This may explain why the Democrats got away with not passing the Employee Non-Discrimination Act when they controlled both houses of Congress, and why there’s no dull roar in the land for its passage. Supported by the same percentage of voters, across all categories, as repeal of DADT was at the height of the campaign, here’s the problem:
9 of out 10 voters erroneously think that a federal law is already in place protecting gay and transgender people from workplace discrimination. A similar number of voters also did not know whether their state had a gay and transgender workplace discrimination law. These numbers show the huge disconnect between voter perceptions about workplace protections and the realities that gay and transgender people face on the job.
No matter how high up in the stratosphere support for enacting workplace non-discrimination laws is, if almost all Americans think those protections already exist, then there will be no pressure — at all! — on legislators to enact such provisions.
Seventy- five percent of likely voters say they favor “protecting gay and lesbian people from discrimination in employment,” while 73 percent say they favor these protections for “gay, lesbian, and transgender people.” The responses are essentially identical.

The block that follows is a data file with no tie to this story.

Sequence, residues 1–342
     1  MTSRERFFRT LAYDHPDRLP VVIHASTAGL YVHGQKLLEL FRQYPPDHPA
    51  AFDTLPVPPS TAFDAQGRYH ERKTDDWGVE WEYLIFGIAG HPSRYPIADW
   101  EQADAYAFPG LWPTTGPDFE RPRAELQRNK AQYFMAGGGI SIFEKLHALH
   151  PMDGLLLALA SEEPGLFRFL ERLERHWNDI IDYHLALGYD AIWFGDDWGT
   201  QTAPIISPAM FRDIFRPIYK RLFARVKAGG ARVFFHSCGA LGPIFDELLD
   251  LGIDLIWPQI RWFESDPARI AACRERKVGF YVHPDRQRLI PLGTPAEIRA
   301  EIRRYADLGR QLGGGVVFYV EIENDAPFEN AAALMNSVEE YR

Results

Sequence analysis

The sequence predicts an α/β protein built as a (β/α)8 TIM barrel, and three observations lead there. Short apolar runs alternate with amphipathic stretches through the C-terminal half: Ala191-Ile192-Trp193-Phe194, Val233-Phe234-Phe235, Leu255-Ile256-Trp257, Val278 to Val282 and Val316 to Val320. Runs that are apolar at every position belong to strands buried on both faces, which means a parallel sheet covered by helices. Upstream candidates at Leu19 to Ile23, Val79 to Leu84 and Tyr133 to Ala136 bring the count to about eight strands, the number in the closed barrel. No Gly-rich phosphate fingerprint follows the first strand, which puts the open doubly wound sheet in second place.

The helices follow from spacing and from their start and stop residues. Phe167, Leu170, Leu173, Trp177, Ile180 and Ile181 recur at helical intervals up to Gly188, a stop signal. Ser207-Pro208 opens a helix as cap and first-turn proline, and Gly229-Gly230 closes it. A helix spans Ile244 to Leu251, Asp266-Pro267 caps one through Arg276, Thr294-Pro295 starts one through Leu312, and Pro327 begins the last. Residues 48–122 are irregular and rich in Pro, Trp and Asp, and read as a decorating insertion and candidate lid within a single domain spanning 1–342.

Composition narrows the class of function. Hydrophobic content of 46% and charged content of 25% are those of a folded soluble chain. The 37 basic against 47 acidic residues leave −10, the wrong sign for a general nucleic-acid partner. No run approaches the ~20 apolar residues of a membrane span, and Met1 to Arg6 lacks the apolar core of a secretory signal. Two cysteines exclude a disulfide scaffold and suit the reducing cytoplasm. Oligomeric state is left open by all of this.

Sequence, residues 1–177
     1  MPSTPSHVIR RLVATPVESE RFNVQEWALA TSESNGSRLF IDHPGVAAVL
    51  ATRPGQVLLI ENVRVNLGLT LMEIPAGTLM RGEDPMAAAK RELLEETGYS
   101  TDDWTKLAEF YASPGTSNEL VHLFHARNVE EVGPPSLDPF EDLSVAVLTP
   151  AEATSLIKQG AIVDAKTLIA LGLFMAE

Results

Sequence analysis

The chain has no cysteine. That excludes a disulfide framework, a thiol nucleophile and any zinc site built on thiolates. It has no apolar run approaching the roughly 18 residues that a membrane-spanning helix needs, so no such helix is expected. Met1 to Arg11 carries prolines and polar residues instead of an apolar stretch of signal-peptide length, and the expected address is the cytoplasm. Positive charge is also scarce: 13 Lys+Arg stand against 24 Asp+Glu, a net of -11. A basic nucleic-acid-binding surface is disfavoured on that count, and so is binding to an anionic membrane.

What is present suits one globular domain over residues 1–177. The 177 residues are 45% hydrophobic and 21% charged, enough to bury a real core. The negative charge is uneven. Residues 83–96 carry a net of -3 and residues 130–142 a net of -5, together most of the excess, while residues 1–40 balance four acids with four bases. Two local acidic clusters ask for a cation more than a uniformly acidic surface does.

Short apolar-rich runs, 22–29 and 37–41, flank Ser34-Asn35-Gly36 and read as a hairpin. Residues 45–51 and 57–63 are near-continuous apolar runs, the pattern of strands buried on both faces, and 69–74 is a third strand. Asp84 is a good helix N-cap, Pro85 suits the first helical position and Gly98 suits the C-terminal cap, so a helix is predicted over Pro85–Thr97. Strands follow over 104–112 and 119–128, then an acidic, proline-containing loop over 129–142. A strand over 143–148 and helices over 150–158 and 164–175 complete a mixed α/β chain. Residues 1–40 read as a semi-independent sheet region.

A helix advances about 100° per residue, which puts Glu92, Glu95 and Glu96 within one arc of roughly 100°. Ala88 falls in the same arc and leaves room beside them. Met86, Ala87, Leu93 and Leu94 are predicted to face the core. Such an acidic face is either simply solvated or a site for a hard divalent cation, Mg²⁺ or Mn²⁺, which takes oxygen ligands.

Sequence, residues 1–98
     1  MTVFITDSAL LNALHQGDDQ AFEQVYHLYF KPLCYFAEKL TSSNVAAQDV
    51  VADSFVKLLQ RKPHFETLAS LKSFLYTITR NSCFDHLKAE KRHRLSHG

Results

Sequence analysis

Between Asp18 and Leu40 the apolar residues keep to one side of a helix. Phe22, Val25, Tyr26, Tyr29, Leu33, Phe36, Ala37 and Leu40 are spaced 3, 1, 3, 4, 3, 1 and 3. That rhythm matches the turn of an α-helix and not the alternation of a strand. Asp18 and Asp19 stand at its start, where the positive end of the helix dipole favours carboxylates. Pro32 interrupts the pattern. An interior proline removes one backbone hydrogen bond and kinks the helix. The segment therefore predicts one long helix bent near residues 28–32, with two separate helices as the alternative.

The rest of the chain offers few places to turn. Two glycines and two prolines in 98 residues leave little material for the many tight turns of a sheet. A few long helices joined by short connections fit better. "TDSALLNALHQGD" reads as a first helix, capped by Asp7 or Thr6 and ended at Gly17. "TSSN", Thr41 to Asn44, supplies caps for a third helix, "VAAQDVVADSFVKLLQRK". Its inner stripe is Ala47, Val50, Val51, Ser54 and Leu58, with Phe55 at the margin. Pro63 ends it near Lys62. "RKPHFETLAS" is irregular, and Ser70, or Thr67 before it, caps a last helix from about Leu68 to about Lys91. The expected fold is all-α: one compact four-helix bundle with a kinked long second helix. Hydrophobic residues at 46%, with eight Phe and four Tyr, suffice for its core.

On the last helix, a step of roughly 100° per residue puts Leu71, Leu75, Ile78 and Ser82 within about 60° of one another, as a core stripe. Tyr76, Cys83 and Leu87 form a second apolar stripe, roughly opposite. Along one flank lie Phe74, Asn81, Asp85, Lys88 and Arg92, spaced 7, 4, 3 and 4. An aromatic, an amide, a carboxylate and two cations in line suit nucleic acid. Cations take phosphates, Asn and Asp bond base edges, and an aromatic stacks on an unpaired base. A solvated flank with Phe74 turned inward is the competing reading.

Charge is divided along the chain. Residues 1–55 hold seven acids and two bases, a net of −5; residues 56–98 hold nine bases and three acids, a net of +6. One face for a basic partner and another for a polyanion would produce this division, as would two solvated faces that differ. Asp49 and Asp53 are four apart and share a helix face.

Why bother taking a tough vote, or subjecting members of the Democratic caucus to a tough vote, as long as voters think it’s illegal to discriminate against LGBT people in hiring and the workplace?
This is one place our national organizations have badly failed, with their laser focus on DADT repeal, DOMA repeal, and marriage equality: Americans already think it’s illegal to discriminate in the workplace. And yet, look at how many people experience discrimination at work:
As CAP recently reported, studies show that anywhere from 15 percent to 43 percent of gay people have experienced some form of discrimination and harassment at the workplace. An astonishing 90 percent of transgender people report some form of harassment or mistreatment on the job. Nearly half of transgender people also report experiencing an adverse job outcome because of their gender identity. This includes being passed over for a job (44 percent), getting fired (26 percent), and being denied a promotion (23 percent).
It’s impossible to get Congress to pass a law the American people almost unanimously already believe exists. This is a profound failure on the part of national organizations, and they should be held accountable for it. Americans don’t care about passing ENDA: they already favor it very strongly and they almost all think it’s already law.
How can we move forward in that political environment? Nothing will happen when almost all Americans say, “Sure, that’s why I am glad it is law.”